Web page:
Summertime is about fresh vegetables, especially from the garden or farmers’ market.
My daughter loves dill pickles and I love growing cucumbers in my little garden. But for at least a couple of seasons, I couldn’t find a recipe with the right sour/garlic/dill balance that kept the cucumbers crisp. Finally, success!
It’s easy and fun. You also can pickle other veggies like carrots, green tomatoes, green onions, green beans, okra and asparagus. That’s certainly not the only list, so use your imagination. My experience, though, calls for a little extra par-boiling for tough veggies, like green beans and especially the okra to soften up the tough exteriors.
I highly recommend prepping in your kitchen, but taking the pickle process outside onto your patio or porch. Several years ago, I acquired a really neat one-burner, gas stove at the usual big-box store in the camping section. This burner is perfect for boiling up the pickle juice outside, otherwise your house will smell like pickles for a very long time – maybe years. No kidding.
Usually, I double the pickle-juice recipe and then store what’s left over in the fridge until I need to heat it up again or add to another batch.
- chopping board
- chopping knife
- medium pot with lid
- soup pot with lid
- 4-5 pint or 3-4 quart glass jars with sealing lids
- measuring equipment
- outside burner
- old newspaper to cover cooking surface
- 6-10 medium size cucumbers or 15 small ones
- 3 cups water
- 2 cups white vinegar
- 1/4 cup coarse salt
- 2 tablespoons granulated sugar
- 3/4 teaspoon ground cumin
- 1 teaspoon black peppercorns
- 1/2 teaspoon turmeric
- 2 whole cloves
- 1 bay leaf
- 1 medium onion, sliced
- 1 stalk celery, sliced
- 1/2 carrot, peeled/sliced
- 8 garlic cloves, peeled
- 1 bunch/teaspoon chopped dill
- 1 sprig/teaspoon thyme
(For hotter pickles, add 1/4 teaspoon cayenne pepper or 1 jalapeno pepper, sliced with seeds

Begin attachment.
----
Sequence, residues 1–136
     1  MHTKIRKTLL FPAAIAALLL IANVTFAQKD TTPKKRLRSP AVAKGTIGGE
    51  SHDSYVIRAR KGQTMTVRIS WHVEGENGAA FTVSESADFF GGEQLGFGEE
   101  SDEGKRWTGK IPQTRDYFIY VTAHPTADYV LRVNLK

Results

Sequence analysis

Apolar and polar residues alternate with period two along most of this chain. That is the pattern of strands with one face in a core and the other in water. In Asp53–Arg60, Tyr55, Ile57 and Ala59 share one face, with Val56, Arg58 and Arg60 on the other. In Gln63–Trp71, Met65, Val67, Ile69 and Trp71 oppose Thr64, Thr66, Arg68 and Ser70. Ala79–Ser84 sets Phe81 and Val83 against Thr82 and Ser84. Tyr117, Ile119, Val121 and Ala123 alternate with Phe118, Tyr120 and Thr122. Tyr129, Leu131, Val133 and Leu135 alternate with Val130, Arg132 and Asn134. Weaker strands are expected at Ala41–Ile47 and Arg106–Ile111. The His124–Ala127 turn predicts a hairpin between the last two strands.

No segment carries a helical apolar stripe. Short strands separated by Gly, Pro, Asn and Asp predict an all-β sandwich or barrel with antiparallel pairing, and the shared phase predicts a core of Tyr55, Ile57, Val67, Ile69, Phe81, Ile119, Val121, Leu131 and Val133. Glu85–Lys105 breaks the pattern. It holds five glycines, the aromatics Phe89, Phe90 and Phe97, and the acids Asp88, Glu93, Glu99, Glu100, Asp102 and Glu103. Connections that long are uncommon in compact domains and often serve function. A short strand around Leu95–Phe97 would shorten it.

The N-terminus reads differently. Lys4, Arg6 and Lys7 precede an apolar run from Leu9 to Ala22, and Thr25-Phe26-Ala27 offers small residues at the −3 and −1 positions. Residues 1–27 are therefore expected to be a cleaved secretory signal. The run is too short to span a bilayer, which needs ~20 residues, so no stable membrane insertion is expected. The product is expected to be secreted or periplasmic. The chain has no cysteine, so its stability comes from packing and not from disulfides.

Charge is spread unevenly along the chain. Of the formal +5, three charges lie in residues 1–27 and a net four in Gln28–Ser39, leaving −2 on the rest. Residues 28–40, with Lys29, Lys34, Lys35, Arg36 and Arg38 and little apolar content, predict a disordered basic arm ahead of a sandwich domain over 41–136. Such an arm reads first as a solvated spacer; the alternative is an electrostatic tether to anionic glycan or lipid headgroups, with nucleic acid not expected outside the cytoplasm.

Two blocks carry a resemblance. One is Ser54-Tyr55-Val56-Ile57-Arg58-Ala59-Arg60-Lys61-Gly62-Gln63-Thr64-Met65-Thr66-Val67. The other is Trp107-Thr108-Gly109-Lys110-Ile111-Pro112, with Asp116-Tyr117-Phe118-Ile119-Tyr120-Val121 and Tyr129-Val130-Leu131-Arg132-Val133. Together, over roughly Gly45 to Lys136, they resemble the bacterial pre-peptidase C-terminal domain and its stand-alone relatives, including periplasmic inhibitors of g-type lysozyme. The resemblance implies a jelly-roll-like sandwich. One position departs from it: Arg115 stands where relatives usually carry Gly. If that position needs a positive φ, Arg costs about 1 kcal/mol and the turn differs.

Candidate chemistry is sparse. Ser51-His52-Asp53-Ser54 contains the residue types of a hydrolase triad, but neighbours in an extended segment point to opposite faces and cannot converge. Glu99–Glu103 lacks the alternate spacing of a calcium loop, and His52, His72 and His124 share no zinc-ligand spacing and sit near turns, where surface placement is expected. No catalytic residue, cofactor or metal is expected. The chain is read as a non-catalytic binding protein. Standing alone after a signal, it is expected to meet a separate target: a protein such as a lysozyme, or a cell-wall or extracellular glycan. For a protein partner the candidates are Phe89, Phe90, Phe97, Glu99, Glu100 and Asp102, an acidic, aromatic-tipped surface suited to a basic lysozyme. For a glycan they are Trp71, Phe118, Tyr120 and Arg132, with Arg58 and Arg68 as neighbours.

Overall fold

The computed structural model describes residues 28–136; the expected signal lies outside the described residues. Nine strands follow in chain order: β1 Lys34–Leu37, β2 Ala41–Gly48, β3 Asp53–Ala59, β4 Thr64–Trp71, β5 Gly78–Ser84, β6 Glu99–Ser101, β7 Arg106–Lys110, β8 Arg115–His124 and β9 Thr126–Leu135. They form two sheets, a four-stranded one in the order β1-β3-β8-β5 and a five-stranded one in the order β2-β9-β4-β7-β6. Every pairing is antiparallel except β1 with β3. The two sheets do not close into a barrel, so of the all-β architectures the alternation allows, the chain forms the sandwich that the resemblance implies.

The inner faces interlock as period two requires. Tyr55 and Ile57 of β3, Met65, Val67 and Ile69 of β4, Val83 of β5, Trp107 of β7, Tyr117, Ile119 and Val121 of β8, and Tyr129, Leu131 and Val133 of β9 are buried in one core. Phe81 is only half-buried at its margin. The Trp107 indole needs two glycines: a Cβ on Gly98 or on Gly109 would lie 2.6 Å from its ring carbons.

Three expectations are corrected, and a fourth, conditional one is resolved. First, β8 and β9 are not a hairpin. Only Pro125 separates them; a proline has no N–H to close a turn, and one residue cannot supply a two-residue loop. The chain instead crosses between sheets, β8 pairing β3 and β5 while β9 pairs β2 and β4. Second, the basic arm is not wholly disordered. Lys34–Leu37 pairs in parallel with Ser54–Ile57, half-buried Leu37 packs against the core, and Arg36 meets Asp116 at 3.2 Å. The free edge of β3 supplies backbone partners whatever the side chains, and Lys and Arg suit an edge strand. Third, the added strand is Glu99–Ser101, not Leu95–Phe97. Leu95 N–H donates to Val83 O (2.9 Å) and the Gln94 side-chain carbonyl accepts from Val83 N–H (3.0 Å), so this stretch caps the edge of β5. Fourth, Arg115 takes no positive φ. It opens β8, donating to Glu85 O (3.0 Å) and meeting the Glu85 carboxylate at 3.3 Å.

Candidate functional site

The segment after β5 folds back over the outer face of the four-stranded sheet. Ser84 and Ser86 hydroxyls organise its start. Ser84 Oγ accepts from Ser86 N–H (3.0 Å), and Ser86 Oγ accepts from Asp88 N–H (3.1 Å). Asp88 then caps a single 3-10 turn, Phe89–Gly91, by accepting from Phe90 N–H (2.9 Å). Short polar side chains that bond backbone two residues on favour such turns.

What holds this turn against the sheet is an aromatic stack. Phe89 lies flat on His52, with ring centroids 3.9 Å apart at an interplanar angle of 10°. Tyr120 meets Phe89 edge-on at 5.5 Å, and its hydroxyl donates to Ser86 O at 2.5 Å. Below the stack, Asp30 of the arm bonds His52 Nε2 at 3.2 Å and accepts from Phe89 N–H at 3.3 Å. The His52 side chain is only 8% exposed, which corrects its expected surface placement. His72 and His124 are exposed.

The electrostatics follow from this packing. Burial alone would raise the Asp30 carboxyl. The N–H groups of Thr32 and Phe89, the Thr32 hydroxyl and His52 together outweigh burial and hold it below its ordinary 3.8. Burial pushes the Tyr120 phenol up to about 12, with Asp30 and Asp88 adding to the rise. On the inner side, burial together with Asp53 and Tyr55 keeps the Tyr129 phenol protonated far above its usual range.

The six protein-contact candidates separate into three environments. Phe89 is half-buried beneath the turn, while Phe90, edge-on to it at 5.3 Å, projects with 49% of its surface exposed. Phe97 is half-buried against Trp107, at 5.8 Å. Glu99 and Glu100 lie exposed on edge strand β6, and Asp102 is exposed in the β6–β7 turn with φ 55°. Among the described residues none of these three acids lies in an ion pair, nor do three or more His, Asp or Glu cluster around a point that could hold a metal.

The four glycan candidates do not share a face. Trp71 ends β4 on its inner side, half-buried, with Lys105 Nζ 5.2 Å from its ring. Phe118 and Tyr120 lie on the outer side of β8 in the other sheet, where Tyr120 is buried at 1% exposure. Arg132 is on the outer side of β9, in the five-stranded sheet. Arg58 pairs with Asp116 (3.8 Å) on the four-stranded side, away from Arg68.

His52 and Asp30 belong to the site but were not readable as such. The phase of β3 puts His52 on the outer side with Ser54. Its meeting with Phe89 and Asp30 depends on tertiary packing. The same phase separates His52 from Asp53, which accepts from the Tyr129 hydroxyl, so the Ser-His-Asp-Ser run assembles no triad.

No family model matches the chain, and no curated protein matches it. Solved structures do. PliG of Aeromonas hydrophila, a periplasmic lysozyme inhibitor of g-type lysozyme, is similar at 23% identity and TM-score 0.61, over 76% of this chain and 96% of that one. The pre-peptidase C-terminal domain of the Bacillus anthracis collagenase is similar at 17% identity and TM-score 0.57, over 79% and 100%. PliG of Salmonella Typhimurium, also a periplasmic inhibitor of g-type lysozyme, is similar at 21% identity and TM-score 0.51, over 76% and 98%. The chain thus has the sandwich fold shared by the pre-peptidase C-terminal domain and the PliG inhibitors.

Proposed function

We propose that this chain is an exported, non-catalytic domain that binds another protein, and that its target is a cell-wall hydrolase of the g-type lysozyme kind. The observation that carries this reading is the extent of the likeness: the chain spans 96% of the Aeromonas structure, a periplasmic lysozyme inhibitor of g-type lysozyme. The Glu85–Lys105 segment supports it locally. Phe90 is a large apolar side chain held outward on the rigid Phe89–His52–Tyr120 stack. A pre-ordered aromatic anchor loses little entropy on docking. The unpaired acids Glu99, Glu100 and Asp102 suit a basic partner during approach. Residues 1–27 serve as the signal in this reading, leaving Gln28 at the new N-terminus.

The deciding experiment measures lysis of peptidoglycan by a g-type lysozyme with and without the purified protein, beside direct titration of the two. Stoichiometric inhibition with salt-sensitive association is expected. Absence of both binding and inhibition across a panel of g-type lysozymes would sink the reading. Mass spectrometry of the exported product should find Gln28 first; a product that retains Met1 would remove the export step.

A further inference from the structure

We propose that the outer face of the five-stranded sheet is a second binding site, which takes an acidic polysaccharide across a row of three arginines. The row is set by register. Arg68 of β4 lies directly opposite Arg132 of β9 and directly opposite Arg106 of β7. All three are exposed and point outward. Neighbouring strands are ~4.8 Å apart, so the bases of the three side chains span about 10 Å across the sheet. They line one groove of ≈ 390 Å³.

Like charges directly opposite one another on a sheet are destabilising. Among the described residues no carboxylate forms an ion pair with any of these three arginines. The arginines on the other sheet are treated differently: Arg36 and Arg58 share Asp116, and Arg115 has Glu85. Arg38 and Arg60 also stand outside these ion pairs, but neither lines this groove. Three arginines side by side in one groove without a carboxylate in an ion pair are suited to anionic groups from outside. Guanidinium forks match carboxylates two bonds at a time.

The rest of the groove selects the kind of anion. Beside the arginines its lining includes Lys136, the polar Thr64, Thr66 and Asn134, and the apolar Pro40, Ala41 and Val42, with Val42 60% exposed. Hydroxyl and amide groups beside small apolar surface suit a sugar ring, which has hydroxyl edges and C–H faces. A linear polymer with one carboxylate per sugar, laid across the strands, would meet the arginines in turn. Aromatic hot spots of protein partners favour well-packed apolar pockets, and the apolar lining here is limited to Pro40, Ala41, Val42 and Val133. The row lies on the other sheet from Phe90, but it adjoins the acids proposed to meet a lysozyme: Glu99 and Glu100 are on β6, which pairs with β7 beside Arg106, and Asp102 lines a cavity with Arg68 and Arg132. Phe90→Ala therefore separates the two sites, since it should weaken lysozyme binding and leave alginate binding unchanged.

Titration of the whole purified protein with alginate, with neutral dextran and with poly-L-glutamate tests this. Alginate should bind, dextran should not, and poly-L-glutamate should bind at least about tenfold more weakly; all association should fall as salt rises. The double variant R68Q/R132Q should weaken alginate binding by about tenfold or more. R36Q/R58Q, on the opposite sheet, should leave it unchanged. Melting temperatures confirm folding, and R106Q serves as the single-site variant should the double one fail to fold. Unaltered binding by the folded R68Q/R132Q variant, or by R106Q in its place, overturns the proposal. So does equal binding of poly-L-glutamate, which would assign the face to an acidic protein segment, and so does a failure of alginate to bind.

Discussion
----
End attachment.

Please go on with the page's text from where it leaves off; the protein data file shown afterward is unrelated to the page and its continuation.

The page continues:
LET’S GET STARTED
Fill water to half-way in a medium size dutch oven or stock pot. Heat on high to boiling.
Meanwhile, scrub cucumbers (and other veggies) under cold water. Set aside.
Fill sink with cold water.
When the water’s boiling, place 2-3 cucumbers at a time into boiling water. Count to 10, remove them and immediately put them in the cold water in the sink to cool. Skip this stage with green tomatoes.
In your jars, drop a few peppercorns and 1/4 teaspoon minced garlic. Plus, you can add chopped celery, a few carrots and fresh dill sprigs if you want.
On your cutting board, slice cucumbers. I like them about 1/4 inch but make them as you like them, thinner or thicker.
Carrots can be pickled whole or sliced. Green tomatoes should be at least quartered. Cut okra in half. Then fill your jars. Press veggies inside to crowd the jars.
Inside, add all pickling ingredients into your tall soup pot, except vinegar. I arrange my outside cooking surface with old newspapers because I know I will purposefully over-fill the jars to ensure I haven’t left any air before sealing them. Take your pot outside, add the vinegar, stir, cover and heat until it boils. Reduce heat and simmer 5-7 minutes so your onions are nice and soft. This also allows the spices to incorporate into the juice.
Carry your veggie-filled jars outside to your cooking surface. I use a 2-cup glass measuring cup to scoop pickling liquid and pour it into each veggie jar.
After you’ve filled them all, come back and top them off. You’ll want to pour some of those onions and garlic into the jars too, if you can.
Let the filled jars sit 5 minutes or so, to allow trapped air to work its way out. Add more liquid, if you need to.
Then place seal-top on each and press down. Expect juice to roll out. That’s OK. Then take your screw-top rings and lightly screw on top of your seal-tops.
Let your jars cool for at least 20 minutes and then check to see if any still have air. If so, fill a little more, then re-seal. When the jars are cool enough to handle, tighten the lids, take them inside, rinse off and dry. Leave them on the counter for one day at room temperature. After that, store them in your refrigerator at least three days before serving. They’ll keep this way indefinitely.
Ooh, these are so good!
Come back to NewinNOLA.com every week for “Southfacin’ Cook,” where Patsy explains the basics to Southern cooking and eating. Contact her with suggestions, questions or requests at firstname.lastname@example.org.
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